This traditional route is now being challenged by the JPUT , previously the sole preserve of institutional commercial property investors.
So, what’s a JPUT? A JPUT is a specific type of Jersey trust which is commonly used to acquire and hold interests in UK commercial real estate. Unlike a company, a JPUT doesn’t have a separate legal entity. Its assets are held by the trustee of the trust for the unitholders (potentially different family members) of the JPUT.
The unitholders hold units in the JPUT, similar to shareholders holding shares in a company. As the JPUT is a trust, the trustee will be the legal owner of the assets of the JPUT, with the unitholders being the beneficial owners of the assets. This is different from the position with a company, where shareholders have no direct ownership interest in the company’s assets.
Protected Cell Company (PCC)
An alternative vehicle attractive to both single and multi-family office asset management is the PCC. A single-family office can find it useful to segregate the assets and the liabilities into distinct cells, be that by sector, asset class or risk.
Where the family offices don’t have the relevant expertise for a diverse range of liquid assets, it may appoint different specialist investment managers and segregate each investment from one another in a structure which they control. The family office could simply provide one cell of the PCC to each family member or use a cell for a club deal funded by a pool of investors. This gives each family member the option to invest or not in a family venture. Such investment cell arrangements can used as part of an education program whereby the family introduces the next generation to the investments.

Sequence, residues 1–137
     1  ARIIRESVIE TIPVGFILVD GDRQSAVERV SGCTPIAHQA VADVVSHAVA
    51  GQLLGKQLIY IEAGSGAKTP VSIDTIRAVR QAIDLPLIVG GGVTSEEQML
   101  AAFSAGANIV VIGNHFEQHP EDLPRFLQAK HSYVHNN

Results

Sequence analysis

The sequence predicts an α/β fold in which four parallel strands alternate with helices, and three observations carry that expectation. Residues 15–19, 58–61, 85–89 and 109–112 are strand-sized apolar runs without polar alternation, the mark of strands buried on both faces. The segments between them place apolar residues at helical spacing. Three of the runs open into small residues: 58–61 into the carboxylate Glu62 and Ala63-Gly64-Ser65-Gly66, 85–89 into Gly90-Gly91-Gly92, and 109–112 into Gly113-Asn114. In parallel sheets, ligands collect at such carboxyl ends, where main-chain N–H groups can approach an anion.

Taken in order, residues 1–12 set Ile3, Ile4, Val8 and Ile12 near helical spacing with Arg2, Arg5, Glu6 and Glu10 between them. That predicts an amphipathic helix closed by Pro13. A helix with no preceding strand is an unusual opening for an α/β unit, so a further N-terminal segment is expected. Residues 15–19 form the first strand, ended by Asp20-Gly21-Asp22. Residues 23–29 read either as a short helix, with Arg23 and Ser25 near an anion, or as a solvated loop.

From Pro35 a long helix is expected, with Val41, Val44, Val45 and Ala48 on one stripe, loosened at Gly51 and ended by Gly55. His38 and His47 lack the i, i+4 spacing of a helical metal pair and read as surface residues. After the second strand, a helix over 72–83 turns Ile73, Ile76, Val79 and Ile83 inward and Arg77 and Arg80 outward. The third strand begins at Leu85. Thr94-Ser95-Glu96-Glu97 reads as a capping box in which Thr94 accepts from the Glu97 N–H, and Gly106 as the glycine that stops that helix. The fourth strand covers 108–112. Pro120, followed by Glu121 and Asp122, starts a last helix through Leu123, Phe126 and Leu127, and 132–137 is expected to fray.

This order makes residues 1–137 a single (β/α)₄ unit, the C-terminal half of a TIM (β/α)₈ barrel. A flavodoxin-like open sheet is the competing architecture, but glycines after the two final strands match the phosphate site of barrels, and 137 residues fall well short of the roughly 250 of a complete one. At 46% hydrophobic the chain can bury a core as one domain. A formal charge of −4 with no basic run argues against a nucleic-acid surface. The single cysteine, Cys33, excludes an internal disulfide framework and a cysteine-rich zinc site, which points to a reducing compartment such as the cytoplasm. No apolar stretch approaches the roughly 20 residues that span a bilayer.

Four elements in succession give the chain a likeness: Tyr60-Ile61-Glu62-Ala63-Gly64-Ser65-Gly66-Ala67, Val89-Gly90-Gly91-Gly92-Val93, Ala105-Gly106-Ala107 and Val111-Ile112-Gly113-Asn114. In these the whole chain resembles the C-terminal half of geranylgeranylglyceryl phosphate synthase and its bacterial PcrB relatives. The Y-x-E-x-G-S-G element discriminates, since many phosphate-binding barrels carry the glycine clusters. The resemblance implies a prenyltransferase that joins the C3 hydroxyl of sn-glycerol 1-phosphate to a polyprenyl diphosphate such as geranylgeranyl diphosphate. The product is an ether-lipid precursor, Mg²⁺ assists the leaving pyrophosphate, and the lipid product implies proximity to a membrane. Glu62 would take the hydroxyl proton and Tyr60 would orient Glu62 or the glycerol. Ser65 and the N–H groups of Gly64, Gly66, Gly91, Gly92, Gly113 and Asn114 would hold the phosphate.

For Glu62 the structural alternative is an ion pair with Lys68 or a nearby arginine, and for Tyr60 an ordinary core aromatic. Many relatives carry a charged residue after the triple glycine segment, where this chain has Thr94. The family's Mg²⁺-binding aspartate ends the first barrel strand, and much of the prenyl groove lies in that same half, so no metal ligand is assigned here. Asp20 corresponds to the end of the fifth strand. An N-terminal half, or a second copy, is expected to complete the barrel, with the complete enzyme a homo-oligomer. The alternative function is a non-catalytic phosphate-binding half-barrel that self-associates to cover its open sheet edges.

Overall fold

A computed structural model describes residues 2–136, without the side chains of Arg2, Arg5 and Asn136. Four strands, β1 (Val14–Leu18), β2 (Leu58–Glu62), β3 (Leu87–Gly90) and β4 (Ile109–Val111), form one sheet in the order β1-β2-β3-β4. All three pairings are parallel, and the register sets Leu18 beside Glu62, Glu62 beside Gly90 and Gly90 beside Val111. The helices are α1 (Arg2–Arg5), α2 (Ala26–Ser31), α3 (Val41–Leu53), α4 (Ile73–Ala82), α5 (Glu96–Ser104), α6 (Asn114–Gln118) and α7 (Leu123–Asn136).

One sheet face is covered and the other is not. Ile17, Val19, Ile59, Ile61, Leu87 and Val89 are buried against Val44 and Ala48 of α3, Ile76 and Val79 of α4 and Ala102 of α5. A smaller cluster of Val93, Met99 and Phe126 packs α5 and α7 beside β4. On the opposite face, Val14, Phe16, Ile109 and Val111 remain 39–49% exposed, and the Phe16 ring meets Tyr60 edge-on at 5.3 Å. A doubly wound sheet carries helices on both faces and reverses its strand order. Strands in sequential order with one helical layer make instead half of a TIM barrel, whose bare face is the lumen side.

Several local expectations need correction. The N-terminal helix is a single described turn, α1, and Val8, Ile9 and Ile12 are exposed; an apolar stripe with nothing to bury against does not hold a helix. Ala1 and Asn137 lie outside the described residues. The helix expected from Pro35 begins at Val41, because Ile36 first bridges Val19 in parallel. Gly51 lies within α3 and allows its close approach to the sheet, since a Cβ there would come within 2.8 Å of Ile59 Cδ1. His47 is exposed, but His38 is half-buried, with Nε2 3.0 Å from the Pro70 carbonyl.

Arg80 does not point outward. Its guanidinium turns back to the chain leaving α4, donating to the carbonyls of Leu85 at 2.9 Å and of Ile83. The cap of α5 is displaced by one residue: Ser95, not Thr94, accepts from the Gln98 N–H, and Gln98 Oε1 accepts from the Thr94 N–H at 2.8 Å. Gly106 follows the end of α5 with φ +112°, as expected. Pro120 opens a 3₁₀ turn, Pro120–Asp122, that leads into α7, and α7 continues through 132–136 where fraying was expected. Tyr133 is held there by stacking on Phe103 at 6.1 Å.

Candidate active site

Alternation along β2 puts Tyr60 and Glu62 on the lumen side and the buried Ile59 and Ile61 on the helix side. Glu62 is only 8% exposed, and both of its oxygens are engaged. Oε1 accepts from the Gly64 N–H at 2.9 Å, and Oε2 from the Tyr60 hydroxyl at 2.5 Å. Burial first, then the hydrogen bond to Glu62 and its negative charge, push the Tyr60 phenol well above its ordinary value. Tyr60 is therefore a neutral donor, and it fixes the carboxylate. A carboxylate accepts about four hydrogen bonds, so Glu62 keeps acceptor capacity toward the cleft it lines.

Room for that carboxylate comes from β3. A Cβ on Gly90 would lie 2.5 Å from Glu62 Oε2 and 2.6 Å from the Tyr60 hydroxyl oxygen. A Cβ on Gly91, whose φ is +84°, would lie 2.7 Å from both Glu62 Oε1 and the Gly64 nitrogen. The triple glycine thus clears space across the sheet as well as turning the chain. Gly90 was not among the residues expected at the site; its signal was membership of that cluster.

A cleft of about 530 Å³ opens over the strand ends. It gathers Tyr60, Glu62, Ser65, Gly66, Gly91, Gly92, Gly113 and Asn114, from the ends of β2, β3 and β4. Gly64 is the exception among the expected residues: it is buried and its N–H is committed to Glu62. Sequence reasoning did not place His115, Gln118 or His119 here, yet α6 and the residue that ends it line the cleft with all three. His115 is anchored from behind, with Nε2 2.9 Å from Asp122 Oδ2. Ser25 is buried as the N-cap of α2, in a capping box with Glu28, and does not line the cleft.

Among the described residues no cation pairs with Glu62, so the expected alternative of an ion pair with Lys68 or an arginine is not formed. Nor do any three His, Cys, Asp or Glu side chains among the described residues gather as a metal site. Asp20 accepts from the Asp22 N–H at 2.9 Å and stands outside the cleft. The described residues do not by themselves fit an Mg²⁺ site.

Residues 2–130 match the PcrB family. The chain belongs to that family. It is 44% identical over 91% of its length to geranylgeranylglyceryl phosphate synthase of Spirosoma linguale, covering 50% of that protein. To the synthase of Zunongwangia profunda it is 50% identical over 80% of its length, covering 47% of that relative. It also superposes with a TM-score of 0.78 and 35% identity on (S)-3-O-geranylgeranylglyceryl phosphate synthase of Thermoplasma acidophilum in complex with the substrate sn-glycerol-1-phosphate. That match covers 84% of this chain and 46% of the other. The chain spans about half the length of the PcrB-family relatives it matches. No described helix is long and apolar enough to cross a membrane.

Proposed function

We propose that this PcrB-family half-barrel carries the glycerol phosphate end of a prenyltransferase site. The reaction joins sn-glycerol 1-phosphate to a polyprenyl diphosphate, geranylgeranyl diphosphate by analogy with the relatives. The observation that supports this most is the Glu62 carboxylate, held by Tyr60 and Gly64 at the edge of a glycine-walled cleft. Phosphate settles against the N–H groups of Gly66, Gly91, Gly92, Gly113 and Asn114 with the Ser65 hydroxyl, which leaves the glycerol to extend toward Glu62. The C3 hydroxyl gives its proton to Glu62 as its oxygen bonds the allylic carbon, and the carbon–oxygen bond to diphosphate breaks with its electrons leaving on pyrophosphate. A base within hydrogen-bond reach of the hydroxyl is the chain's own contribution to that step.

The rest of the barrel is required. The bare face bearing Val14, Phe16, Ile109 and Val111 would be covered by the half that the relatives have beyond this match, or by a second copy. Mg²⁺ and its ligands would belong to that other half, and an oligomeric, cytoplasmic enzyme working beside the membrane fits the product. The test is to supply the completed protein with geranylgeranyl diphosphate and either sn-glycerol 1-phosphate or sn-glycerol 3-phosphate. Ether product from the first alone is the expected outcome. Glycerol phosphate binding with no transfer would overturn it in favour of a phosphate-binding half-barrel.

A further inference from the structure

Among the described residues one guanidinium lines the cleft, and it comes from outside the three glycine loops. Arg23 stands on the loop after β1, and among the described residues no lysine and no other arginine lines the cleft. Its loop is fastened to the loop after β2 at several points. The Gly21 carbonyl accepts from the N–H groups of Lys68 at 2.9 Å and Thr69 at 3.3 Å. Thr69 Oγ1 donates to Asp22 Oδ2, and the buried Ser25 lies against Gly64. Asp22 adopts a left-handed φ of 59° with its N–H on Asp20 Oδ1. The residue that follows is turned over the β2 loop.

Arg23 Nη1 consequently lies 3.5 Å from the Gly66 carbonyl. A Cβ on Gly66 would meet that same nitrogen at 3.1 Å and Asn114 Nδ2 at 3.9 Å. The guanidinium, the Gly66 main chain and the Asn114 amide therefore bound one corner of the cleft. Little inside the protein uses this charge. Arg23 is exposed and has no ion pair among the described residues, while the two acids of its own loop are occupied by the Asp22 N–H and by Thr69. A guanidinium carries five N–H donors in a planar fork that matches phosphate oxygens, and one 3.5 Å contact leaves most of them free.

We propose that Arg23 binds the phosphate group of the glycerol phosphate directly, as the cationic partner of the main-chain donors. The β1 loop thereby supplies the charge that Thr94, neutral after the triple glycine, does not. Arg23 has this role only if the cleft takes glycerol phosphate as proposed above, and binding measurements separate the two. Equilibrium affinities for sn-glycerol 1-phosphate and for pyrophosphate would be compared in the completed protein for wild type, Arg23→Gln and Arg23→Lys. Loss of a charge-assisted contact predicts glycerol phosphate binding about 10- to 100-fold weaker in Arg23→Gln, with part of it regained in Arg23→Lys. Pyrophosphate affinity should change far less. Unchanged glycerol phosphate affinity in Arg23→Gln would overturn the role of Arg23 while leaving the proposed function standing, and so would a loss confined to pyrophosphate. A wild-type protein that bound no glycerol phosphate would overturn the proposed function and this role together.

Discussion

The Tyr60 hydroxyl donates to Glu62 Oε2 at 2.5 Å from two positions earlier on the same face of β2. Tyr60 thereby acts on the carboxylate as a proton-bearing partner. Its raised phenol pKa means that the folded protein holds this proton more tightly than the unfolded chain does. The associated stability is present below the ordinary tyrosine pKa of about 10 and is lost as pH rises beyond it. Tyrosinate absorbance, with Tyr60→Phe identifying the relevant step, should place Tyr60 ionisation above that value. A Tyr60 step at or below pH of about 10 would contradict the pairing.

Family office chief financial officers tend to favour PCCs because cost saving benefits are achieved by utilising the vehicle rather than establishing multiple fund structures. Legal fees in relation to the set-up costs can also be minimised if a PCC is used because adding additional cells to an existing PCC is more cost effective than incorporating a new legal entity. A further cost advantage is that PCCs operating costs can be lower as these are shared across the cells.
Consider the alternatives
As the wealth held by private family offices increases, we’ll continue to see the growing trend of alternative structures being utilised in the preservation, enhancement and the structuring of managing family assets. Ultra-high net worth families will increasingly use a range of bespoke structures which may include trusts, private trust companies and foundations investing via alternative structures like JPFs, JPUTSs, PPs and LPs to achieve their aims.
The challenge for both professional trustees and specialist fund administrators is ensuring that offshore service provider family office client teams have the requisite combination of skills coupled with the integrity to service the demands of the modern day, evolving family office.
If you have any questions about Family Office structures or would like to discuss any of the points raised above, please get in touch.